Once upon a time, back in the very early 1990s, a fresh-faced whippersnapper with a portfolio of local newspaper cuttings attended an interview for a post as a Money Marketing reporter.
The editor at the time must have seen something he liked because he offered that person a job. Some 22 years later, slightly less fresh-faced, with a thicker-set figure and a lot less hair on my head, I find myself still writing for this paper.
The key difference is that now, instead of plotting my next step up the media career ladder, I am beginning the process of positioning myself for the moment, hopefully at least another decade away, when I will be making use of the many pension pots I have saved into over the past few decades.
Which helps explain why in the past year or two, ever since potentially being able to annuitise my pension savings to date – and discovering how pitifully small the annual income might be worth – I confess to reading newspaper articles and other media reports about retirement matters with an increased, even avid interest.
More than ever before, I am aware of how much decisions being made in this sphere today will affect my retirement income tomorrow. It also makes the current discussion about non-advised annuities and commission that much closer to my heart.
Last week, the Financial Services Consumer Panel published a report in which it found, according to Money Marketing, “huge differences in commission payments from non-advised annuity services”.
The FSCP examined fees charged by 15 online firms and using the example of a pension pot just shy of £50,000, minus the 25 per cent tax-free lump sum, discovered that the charges involved in buying an annuity ranged between 0.75 per cent and 3.35 per cent.
The variation in actual fees paid was almost £1,000. The panel’s report has come at a critical time in the debate over non-advised annuity sales.
On the one hand, the opportunities for an online service that offers a self-guided approach to buying an annuity are more exciting than ever before.
Many years ago, when I first became interested in internet-related financial services, not only was the technology not available but the parameters within which it might be used were barely understood.
Today, a more sophisticated market exists that could help many online users to research and, subject to all sorts of caveats, make use of that technology to actually buy an annuity.
The problem is that the FCA approach appears to be the same in respect of non-advised execution-only annuity services as it is for buying personal lines insurance. Not only is commission an acceptable form of remuneration but the regulation of firms operating in what is a very new market is based on very much the same principles as for home and contents cover.
Ironically, in the past couple of weeks, following a serious fire at our house, my wife and I have discovered how important it is not just to have buildings insurance but for it to be appropriate to our needs. In our case, the sale was fully advised by a broker.
Be that as it may, the FSCP’s findings have provided ammunition to those who find the prospect of a free-for-all in the burgeoning online market highly disturbing. It feels like a form of Wild West out there, where consumers are ripe for the plucking – and unless something is done soon, some will lose significant parts of their retirement cash.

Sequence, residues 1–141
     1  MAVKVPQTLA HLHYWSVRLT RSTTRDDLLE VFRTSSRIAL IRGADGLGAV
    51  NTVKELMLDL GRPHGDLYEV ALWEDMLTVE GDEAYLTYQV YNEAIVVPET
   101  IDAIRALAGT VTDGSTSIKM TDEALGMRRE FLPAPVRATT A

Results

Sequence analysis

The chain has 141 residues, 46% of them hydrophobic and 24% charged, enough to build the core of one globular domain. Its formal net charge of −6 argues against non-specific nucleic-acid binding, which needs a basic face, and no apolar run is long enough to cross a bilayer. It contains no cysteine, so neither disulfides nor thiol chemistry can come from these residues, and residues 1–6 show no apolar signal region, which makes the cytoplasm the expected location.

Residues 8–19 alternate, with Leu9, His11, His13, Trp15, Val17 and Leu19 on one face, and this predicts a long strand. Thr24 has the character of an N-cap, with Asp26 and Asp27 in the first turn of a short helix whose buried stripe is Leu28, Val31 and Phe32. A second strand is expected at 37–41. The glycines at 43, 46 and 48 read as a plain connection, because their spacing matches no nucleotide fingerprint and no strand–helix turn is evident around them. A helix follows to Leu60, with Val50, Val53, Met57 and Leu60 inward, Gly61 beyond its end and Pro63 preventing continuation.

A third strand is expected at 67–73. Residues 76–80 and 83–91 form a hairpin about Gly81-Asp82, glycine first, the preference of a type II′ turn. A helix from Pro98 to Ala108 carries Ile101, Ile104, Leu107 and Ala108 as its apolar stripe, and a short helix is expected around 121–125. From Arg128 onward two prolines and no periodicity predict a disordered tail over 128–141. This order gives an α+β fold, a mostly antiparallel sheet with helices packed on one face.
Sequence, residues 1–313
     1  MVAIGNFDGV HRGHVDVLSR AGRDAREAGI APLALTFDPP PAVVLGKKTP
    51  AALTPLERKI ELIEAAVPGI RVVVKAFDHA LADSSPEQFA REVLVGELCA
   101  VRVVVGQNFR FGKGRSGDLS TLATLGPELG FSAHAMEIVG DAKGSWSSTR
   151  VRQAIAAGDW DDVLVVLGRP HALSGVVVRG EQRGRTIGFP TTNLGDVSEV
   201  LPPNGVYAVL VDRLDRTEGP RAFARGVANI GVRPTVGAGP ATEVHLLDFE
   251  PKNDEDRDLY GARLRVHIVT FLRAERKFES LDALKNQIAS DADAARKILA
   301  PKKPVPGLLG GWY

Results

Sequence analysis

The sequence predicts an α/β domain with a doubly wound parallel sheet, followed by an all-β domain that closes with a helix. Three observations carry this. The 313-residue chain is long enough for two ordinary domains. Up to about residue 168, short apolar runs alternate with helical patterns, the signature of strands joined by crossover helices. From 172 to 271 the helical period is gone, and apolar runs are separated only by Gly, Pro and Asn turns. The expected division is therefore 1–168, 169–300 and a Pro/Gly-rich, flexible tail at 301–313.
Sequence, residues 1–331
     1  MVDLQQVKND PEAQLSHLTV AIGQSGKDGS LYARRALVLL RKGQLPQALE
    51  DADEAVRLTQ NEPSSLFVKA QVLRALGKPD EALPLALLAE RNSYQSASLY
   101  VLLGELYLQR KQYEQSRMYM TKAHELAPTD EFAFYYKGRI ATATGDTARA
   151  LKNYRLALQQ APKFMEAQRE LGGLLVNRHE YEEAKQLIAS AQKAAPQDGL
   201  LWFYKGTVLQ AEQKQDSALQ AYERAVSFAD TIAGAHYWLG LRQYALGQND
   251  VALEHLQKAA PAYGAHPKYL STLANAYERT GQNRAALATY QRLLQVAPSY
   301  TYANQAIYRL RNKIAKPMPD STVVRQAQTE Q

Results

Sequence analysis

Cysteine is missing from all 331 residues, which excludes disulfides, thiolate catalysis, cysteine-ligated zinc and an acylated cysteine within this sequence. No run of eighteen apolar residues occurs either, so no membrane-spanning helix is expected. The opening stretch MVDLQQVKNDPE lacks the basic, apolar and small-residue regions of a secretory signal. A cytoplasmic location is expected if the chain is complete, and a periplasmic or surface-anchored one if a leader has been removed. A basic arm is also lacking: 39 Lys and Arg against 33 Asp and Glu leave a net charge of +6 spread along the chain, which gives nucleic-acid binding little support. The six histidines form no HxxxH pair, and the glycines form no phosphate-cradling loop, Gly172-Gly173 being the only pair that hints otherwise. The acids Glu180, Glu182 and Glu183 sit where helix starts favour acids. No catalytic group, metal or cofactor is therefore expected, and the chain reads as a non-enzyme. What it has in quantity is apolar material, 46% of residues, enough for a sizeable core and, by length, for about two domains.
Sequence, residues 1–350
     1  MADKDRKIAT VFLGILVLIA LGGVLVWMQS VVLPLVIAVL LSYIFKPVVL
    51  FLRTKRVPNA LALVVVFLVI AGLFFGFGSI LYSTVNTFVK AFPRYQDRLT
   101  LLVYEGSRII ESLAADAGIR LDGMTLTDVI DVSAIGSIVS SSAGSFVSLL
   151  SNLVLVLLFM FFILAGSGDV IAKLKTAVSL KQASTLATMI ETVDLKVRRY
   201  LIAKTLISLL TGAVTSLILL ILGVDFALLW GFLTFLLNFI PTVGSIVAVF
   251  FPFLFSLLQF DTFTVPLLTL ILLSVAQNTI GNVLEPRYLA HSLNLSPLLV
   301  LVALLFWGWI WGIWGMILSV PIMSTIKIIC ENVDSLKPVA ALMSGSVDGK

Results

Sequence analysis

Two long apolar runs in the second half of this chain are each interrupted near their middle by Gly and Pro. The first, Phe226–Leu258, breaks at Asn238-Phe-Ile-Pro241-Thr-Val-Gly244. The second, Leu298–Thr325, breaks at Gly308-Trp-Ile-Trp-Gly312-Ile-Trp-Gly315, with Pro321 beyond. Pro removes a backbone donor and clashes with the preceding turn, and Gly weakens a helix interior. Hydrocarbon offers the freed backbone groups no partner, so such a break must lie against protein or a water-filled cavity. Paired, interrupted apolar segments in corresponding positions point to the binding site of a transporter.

No wonder that Money Marketing’s group editor Paul McMillan wrote in a column: “The very strange decision to allow commission … on non-advised annuity sales whilst banning it for advice under the RDR is looking even more bonkers.”
The key question is that of what should be done about it. In that regard, it seems there are several issues to be addressed.
First, it strikes me that the huge disparity between online firms in terms of commissions paid is a product of a highly immature market, where charges are dreamed up almost willy-nilly. It suggests the true value of the services offered by online firms and what consumers should pay for them is still being tested.
Second, and equally important, what we are seeing is a failure of appropriate regulation. If a consumer is not able to spot easily the difference between firms charging 3.35 per cent and those charging 0.75 per cent, something is wrong with the way the FCA allows that information to be presented.
In other words, it is not that a transactional charge is bad per se but that it is highly opaque and that the firm applying it is not required to be very clear whether its services are whole-of-market or restricted.
What this implies is that regulation cannot be universal in its application for different segments of the financial market. An annuity is a far more important purchase than car insurance and the FCA should treat it differently.
In exactly the same way as IFAs have long argued for a regulatory premium to apply that takes account of the fact that their businesses are less risky, the opposite should apply with the annuities market.
Only then will we see effective protection for consumers – and a more level playing field for advisers.
Nic Cicutti can be contacted at firstname.lastname@example.org